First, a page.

WASHINGTON The number of Americans filing for unemployment benefits rose slightly last week and the four-week moving average of claims hit a 44-year low, suggesting a further tightening of the labour market that could encourage the Federal Reserve to raise interest rates next month.
The economy's brightening prospects were, however, dimmed somewhat by other data on Thursday showing the goods trade deficit widening in April and inventories decreasing, prompting analysts to pare their second-quarter GDP growth estimates.
"Businesses are wisely hoarding labour and not laying off workers because there are no skilled workers to fill these jobs at corporations and companies across the country," said Chris Rupkey, chief economist at MUFG Union Bank in New York.
Initial claims for state unemployment benefits increased 1,000 to a seasonally adjusted 234,000 for the week ended May 20, the Labor Department said. The increase followed three straight weeks of declines.
Economists had forecast first-time applications for jobless benefits rising to 238,000 in the latest week. It was the 116th straight week that claims were below 300,000, a threshold associated with a healthy labour market.
That is the longest such stretch since 1970, when the labour market was smaller. The labour market is near full employment, with the jobless rate at a 10-year low of 4.4 percent.
The four-week moving average of claims, considered a better measure of labour market trends as it irons out week-to-week volatility, fell 5,750 to 235,250 last week, the lowest level since April 1973.
The dollar .DXY was trading marginally lower against a basket of currencies, while prices of U.S. Treasuries were slightly higher. U.S. stocks rose, with the Standard and Poor's 500 index .SPX and Nasdaq Composite index .IXIC hitting record highs.
ROBUST JOB MARKET Labor market strength supports the view that an abrupt slowdown in economic growth in the first quarter was probably temporary. Gross domestic product increased at a 0.7 percent annualised rate in the first quarter, the weakest performance in three years.
Minutes of the Fed's May 2-3 policy meeting, which were published on Wednesday, showed that while policymakers agreed they should hold off hiking rates until there was evidence the growth slowdown was transitory, "most participants" believed "it would soon be appropriate" to raise borrowing costs.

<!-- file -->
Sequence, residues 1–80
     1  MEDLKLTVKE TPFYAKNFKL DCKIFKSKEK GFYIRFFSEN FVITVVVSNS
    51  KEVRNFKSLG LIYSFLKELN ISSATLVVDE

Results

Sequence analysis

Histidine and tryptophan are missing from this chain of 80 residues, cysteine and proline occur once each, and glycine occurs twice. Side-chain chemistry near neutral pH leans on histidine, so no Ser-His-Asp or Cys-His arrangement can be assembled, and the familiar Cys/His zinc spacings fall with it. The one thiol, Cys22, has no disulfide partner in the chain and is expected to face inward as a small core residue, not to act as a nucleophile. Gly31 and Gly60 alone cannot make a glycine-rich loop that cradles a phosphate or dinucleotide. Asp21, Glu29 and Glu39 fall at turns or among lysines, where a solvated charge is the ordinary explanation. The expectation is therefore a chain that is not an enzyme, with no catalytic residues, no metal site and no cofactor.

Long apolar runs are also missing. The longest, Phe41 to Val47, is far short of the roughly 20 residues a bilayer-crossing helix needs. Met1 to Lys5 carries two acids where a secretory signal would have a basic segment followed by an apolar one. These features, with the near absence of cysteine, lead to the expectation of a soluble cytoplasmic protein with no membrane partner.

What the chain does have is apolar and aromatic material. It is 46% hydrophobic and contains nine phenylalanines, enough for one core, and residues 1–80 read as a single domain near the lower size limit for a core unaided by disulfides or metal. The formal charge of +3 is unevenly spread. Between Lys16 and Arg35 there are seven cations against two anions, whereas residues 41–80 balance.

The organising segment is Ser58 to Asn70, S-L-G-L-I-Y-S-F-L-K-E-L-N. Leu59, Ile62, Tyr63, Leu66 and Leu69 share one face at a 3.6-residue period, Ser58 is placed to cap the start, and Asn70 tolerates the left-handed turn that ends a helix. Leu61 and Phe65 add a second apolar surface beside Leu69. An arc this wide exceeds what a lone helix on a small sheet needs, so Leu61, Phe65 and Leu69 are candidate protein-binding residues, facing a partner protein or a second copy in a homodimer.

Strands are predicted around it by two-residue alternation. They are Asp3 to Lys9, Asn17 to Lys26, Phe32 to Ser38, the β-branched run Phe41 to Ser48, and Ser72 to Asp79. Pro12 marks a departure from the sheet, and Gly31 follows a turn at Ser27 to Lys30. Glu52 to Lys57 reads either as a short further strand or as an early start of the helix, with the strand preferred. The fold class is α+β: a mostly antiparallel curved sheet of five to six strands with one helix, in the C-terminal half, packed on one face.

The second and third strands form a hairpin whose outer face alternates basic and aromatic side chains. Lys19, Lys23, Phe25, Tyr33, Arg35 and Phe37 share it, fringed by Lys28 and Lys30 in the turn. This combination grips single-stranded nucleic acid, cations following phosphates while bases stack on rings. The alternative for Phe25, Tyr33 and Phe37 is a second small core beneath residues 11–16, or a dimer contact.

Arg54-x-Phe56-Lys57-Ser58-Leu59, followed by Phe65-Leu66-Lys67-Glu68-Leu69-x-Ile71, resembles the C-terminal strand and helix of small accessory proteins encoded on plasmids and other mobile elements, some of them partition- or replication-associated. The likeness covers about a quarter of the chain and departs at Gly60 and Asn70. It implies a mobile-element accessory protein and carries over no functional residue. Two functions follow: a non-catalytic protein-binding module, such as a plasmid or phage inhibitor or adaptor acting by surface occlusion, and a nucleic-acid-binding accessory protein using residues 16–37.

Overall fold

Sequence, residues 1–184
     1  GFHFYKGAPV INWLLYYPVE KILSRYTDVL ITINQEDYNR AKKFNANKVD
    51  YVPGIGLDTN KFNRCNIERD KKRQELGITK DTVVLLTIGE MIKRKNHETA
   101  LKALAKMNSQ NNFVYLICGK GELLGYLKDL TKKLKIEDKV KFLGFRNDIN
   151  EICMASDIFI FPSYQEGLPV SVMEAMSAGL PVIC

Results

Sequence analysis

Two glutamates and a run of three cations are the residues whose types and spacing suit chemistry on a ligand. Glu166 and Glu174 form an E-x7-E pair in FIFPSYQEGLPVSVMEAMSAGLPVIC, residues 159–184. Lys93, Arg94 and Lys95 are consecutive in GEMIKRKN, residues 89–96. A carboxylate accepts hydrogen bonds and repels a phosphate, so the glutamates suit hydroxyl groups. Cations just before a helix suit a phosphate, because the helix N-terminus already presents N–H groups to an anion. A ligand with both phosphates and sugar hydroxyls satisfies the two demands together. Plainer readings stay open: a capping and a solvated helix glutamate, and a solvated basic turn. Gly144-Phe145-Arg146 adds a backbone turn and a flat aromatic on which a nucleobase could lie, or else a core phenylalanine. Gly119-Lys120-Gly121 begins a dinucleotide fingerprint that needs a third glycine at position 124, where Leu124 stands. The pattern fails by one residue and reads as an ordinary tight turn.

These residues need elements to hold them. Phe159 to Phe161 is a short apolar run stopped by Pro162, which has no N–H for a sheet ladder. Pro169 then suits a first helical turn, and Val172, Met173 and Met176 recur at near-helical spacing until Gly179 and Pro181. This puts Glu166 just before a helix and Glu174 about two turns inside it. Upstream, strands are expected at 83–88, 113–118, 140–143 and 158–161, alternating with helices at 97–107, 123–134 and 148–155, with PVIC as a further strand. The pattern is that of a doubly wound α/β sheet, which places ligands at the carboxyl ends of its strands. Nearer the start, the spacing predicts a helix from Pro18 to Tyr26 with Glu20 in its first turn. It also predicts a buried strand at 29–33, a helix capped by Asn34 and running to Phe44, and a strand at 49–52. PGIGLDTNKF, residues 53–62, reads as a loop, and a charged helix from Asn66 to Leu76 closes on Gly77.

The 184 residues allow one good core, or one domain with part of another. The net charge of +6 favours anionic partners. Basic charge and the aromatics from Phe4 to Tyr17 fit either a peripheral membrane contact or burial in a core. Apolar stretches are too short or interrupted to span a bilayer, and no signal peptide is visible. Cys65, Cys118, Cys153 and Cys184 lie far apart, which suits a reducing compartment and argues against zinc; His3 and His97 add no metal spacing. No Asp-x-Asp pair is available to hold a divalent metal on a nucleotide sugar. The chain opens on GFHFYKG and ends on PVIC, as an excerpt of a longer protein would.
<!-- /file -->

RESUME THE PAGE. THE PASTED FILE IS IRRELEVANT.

Data on the labour market, retail sales and industrial production suggest the economy regained momentum at the start of the second quarter.
But expectations of a sharp rebound in GDP growth were tempered after the Commerce Department reported on Thursday that the goods trade deficit rose 3.8 percent to $67.6 billion in April amid a drop in exports. At the same time, both wholesale and retail inventories fell 0.3 percent last month.
Trade made no contribution to GDP growth in the first quarter while inventory investment subtracted 0.93 percentage point from output. Economists cut their second-quarter GDP estimates by as much as half a percentage point to as low as a 2.0 percent rate after the release of Thursday's data.
"If the widening in the trade gap reported thus far in the quarter is sustained, trade would subtract about half a percentage point from second-quarter GDP growth," said John Ryding, chief economist at RDQ Economics in New York.
Thursday's claims report also showed the number of people still receiving benefits after an initial week of aid rose 24,000 to 1.92 million in the week ended May 13.
Still, the so-called continuing claims have now held below 2 million for six straight weeks. The four-week moving average of continuing claims dropped 16,000 to 1.93 million, the lowest level since January 1974.
The continuing claims data covered the survey period for May's unemployment rate. The four-week average of continuing claims decreased 76,750 between the April and May survey weeks, indicating further improvement in the unemployment rate.
The jobless rate has dropped by four-tenths of a percentage point this year.
(Reporting by Lucia Mutikani; Editing by Paul Simao)